Part 2 of a 2 part series.
In part 1, we learned multiple ways to convert a color digital photo to black and white. But frequently that result isn’t good enough.
Images frequently, such as our sample, have a very flat contrast. That is, there are not a lot of black blacks and not a lot of white whites. This is actually a good thing. Most pro photographers want to shoot flat image in camera and will set their camera to produce the flattest images possible because its easier to add contrast in post (production) than it is to take it out.
Looking at the histogram for the image (the Levels tool or CTRL-L or Apple-L on Macs will display the histogram). You can see the curve of tones does not reach the 0 black point or the 255 white point.
You can perform an operation called equalization where you use the black and white tear-drop shaped drag controls and slide them inward until it meets the point where the histogram curve bottoms out. This in effect takes the image tones and stretches them so that they span the range of 0 to 255 giving us a white point and a black point. This is an easy way to add pop to images (including color). Be aware stretching the color or tone range causes Photoshop to insert gaps into the tones to spread what might be packed over 220 total tone value and stretch to 255. This is a little destructive to your image. Many people prefer to use “Adjustment Layers” to leave the original layer alone.
If you get too aggressive with your equalization, you will begin “clipping” your image. In the example shown here, I was too aggressive on the white point and you can see areas of the photo starting to blow out and become unattractive. Likewise on the black side, if you clip too much, you start loosing shadow detail and get large areas of solid black. If thats the effect your going for, then great, but most of the times, you want to avoid this and just bring the drag points in to meet the histogram.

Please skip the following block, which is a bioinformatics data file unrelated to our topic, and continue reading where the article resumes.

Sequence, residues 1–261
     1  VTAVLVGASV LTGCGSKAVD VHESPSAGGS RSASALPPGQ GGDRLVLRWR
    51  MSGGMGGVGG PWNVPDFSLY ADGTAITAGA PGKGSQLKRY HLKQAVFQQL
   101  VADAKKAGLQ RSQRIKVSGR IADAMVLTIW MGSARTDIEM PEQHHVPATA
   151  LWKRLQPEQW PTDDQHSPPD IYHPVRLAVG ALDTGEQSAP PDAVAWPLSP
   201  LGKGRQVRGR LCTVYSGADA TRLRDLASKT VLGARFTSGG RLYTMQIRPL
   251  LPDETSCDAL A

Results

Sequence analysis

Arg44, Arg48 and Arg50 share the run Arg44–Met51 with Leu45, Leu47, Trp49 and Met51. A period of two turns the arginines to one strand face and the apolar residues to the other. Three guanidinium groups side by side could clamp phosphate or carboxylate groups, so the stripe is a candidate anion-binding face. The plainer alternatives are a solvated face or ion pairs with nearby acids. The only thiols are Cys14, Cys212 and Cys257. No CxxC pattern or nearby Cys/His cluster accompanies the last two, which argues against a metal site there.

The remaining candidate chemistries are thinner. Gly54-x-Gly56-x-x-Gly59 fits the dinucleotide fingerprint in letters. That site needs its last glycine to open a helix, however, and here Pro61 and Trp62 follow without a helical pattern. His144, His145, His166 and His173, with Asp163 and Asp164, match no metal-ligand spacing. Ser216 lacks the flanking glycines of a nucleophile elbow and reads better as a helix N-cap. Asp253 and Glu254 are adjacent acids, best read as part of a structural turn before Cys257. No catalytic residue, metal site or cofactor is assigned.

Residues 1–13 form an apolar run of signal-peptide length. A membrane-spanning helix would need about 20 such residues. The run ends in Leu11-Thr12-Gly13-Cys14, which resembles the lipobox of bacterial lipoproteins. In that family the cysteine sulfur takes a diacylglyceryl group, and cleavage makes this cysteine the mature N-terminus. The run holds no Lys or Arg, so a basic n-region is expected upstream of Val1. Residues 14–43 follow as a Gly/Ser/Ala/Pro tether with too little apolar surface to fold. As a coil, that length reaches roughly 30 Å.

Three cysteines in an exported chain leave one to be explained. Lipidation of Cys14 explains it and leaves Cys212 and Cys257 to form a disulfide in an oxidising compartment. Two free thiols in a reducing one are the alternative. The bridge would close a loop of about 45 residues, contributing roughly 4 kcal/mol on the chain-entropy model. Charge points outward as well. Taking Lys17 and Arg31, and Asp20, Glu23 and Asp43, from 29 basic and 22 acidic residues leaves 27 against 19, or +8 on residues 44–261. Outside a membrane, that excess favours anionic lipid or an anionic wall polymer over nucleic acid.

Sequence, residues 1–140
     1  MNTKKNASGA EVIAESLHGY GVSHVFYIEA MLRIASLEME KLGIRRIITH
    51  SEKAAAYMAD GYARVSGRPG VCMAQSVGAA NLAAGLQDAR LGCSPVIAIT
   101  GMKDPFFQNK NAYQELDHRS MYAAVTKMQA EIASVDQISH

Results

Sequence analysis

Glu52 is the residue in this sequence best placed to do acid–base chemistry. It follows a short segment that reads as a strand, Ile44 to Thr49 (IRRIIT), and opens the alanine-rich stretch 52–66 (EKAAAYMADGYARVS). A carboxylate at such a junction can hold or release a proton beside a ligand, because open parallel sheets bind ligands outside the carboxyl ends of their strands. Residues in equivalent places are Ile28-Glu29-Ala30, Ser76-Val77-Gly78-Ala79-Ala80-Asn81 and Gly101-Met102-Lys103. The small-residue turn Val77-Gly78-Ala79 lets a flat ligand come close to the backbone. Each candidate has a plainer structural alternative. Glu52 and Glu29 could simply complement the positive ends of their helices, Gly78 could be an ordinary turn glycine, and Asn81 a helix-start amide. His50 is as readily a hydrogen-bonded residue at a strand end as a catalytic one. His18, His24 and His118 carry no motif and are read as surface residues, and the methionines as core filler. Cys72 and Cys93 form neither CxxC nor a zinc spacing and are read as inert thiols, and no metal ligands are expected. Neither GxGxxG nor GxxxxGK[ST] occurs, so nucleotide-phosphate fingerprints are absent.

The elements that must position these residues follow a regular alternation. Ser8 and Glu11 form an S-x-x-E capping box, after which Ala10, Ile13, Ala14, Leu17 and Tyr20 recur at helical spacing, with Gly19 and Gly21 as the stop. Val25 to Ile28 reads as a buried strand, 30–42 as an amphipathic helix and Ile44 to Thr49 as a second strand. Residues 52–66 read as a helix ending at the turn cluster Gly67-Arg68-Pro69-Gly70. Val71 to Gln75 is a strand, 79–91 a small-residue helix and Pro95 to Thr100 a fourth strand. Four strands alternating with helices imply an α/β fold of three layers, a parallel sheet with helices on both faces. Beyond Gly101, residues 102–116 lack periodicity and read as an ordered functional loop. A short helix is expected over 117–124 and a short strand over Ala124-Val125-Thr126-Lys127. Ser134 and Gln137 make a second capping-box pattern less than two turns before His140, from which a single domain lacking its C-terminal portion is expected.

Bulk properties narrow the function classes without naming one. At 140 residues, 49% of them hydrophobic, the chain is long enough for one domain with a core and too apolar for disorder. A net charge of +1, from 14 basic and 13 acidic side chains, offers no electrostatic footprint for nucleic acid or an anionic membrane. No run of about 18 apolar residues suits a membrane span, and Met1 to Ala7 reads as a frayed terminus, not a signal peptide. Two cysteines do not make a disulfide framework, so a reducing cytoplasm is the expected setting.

That said, frequently images will have really bright spots, such as the sun shining off of a chrome bumper. These are generally small areas that are called “specular highlights”. They are expected to be blown out. You will recognize them in the histogram curve as the tones drop to the bottom then suddenly spike as you near the 255 value.
If you have specular highlights, its okay to slide the dropper left until it meets the real bottoming out of the tone histogram since the spike has no detail anyway.
The next step is adjust the contrast to get the effect your looking for. For this, I recommend the curves tool (or a Curves adjustment layer!!). With curves you can selectivally adjust the shadows, midtones and highlights as necessary. Applying a simple and subtle “S” curve, pulling the shadows a bit darker and pushing the highlights up is an easy way for you to add contrast and do it with control.
There would be a strong templation to use this tool or levels to brighten the over all image but you risk blowing out highlights too much.
We see a lot of photos where the subject has a milky white skin, yet the darks are nice and rich. One way to accomplish this is to duplicate your source layer, so that you have two copies stacked on top of each other. The set the layer blending mode for the new layer to “Screen”. This will lighten the photo and it may very well lighten it too much. You can adjust the opacity to taste. Then if your black areas lightened up too much you can use the erase and erase the blacks on the top layer to let the darker bottom layer show through.
Now from this point, depending on the eyes, you might need an eye lightening technique or if you want a vignette you might want to burn
the edges of the photo or add some textures to finish the shot.